President Jacob Zuma’s trip to the United States of America in September, where he attended the annual session of the General Assembly of the United Nations and then visited Houston in Texas to strengthen economic and educational ties, cost taxpayers some R6.3 million.
Answering a parliamentary question, Minister of Defence and Military Veterans Lindiwe Sisulu said the aircraft and crew cost R3 731 174.67 to charter. The fuel as well as handling costs added another estimated R2.6 million, giving a total of R6 331 174.67. The fuel and handling costs were estimated “due to outstanding invoices.”
Sisulu added the aircraft used for the flight was a Boeing 727 chartered from Fortune Air. The aircraft left Waterkloof for New York on September 17, New York for Houston on September 23 and home from Houston to Waterkloof on September 24. “Fortune Air is being used as a service provider because the company has been awarded the RT-61 state contract by National Treasury to provide VIP transport to state departments,” Sisulu said. “The dedicated Presidential Boeing 737 aircraft, Inkwazi, is undergoing a two yearly service and is out of commission from September 4 until November 30, 2011.”
The Mail & Guardian in April reported that Sisulu in a confidential memorandum argued for two Boeing 767 VIP transports for the dedicated use of President Jacob Zuma, two Boeing 737s for his deputy, Kgalema Motlanthe, and two smaller Challenger or Bombardier Global Express XRS jets for “former presidents and ministers”.
“One aircraft for intercontinental presidential travel is woefully inadequate,” Sisulu argues in the memo. “In the event that the BBJ [Boeing Business Jet] is unserviceable or in servicing, there is not another kind of aircraft that is able to fulfil presidential air transport requirements.”
The Sunday Times earlier this month reported that two new aircraft are to be acquired, but details remain very sketchy. Ministry of Defence and Military Veterans spokesman Ndivhuwo Mabaya told the paper the department has not yet decided whether it will lease or buy the aircraft. The Sunday Tribune added the ministry has turned to the Treasury to help find R1.6 billion for the new aircraft.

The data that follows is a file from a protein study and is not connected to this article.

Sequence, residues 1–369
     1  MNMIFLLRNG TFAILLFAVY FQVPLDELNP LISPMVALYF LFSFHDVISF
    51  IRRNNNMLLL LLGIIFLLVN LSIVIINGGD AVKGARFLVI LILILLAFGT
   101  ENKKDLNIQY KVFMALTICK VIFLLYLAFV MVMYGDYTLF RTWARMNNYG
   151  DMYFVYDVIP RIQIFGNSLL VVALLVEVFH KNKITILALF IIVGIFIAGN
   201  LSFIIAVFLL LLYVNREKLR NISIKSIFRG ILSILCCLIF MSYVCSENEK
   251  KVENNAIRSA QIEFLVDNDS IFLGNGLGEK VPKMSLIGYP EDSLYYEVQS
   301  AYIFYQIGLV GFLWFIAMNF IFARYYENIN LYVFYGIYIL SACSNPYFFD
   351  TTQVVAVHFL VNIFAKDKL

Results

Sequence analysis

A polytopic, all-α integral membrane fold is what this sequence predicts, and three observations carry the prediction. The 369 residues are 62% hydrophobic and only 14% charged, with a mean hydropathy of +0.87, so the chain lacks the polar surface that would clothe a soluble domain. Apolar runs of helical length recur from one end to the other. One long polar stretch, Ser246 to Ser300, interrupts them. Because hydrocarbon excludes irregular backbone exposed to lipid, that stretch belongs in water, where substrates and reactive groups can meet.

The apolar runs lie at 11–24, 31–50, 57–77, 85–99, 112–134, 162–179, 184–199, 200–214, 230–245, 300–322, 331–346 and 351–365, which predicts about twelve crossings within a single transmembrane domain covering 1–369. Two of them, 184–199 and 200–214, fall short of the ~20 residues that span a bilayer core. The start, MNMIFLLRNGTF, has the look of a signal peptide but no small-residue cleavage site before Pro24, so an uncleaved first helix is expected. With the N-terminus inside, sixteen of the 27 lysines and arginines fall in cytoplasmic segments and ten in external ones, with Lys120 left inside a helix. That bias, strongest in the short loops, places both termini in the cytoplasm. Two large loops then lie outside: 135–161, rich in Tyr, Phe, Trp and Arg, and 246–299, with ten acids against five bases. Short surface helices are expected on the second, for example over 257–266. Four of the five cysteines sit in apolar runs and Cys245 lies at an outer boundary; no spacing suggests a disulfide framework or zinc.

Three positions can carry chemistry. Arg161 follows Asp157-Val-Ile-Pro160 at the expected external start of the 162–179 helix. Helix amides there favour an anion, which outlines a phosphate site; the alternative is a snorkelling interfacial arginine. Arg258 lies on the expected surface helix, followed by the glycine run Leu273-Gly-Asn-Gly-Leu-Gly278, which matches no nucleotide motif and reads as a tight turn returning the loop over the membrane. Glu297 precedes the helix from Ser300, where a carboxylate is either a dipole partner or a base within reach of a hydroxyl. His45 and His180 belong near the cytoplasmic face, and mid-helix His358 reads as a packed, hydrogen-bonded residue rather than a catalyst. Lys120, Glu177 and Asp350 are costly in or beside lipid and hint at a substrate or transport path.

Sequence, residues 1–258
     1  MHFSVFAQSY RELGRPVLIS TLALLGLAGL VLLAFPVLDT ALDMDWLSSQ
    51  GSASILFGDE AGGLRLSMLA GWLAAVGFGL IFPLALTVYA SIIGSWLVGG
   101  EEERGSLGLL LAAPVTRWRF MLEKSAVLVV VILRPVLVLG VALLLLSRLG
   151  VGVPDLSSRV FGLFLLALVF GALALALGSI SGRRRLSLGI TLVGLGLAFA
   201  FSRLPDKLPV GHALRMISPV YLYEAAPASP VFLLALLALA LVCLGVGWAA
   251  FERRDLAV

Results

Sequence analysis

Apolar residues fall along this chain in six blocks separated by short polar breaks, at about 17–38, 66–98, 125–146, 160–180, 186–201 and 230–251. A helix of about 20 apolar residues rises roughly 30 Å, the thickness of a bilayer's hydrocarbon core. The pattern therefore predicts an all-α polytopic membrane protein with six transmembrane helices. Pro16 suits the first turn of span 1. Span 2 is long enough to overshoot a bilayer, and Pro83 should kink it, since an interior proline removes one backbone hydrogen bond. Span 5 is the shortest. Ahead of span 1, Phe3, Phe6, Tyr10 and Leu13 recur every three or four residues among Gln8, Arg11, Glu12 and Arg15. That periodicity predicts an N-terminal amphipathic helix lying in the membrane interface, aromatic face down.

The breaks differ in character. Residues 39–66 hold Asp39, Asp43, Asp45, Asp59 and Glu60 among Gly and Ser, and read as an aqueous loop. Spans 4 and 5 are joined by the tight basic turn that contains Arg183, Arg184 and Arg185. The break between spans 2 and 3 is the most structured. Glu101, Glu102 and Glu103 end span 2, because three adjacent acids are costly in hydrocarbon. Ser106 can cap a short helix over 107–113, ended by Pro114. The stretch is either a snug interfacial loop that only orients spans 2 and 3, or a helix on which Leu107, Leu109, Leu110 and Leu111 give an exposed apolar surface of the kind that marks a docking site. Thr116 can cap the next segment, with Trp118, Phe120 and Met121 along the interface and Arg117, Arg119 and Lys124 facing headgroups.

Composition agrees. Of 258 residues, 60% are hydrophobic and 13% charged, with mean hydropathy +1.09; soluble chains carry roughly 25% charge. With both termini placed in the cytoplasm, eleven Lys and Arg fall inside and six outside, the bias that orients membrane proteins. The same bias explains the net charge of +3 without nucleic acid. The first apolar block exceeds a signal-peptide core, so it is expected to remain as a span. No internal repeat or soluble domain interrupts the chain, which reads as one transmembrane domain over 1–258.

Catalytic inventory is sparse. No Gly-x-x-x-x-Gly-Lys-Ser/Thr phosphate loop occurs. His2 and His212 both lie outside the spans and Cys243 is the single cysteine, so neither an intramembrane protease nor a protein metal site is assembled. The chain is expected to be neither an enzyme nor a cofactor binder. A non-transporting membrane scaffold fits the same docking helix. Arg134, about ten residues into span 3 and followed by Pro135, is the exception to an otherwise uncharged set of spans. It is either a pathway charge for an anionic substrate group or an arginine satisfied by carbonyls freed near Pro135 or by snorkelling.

“We are going to buy a plane for the president….The new, bigger plane is going to be responsible for longer international trips such as [to] Europe and America. The current one [Inkwazi] will be used mainly for domestic regional trips so that when the one is resting, we make use of the other one because right now if the [BBJ] breaks down, we have to go out and rent a plane,” he said.
It was also announced in April that the military would lease two Embraer Lineage 1000 VIP jets for five years from AdoAir, at a cost of US$120 million (R800 million). Then, later in April, it was announced that the lease plan was scrapped and the Air Force would instead on July 1 take delivery of a second Boeing Business Jet and a Bombardier Global Express XRS from ExecuJet.
That date came and went with no aircraft delivered. Then, on July 14 a request for quotation for a VIP transport lease was sent out to ExecuJet, SRS Aviation, Fortune Air, Interjet and AdoAir, with a return date of July 25. However, this was cancelled on August 5. Mabaya said that his department was fighting in court to get out of the cancelled agreement with AdoAir.
The rocky road to procuring new VIP aircraft led to the resignation of defence secretary Mpumi Mpofu and the chief of the South African Air Force, Lieutenant-General Carlo Gagiano last month. Mabaya said the department chief financial officer, Mziwonke Dlabantu, is acting in her place. Sisulu subsequently did not accept Gagiano’s resignation.
Another “embarrassment” was that Zuma was flown to the US by two pilots convicted for taking part in the botched 2004 attempt to overthrow the government of Equatorial Guinea. Mabaya said that non-SAAF pilots were probably hired because the Air Force did not have pilots certified on the B727. “It is for this precise reason that we believe it is in the defence force’s best interest to have planes which the SAAF has pilots to fly,” Mabaya said.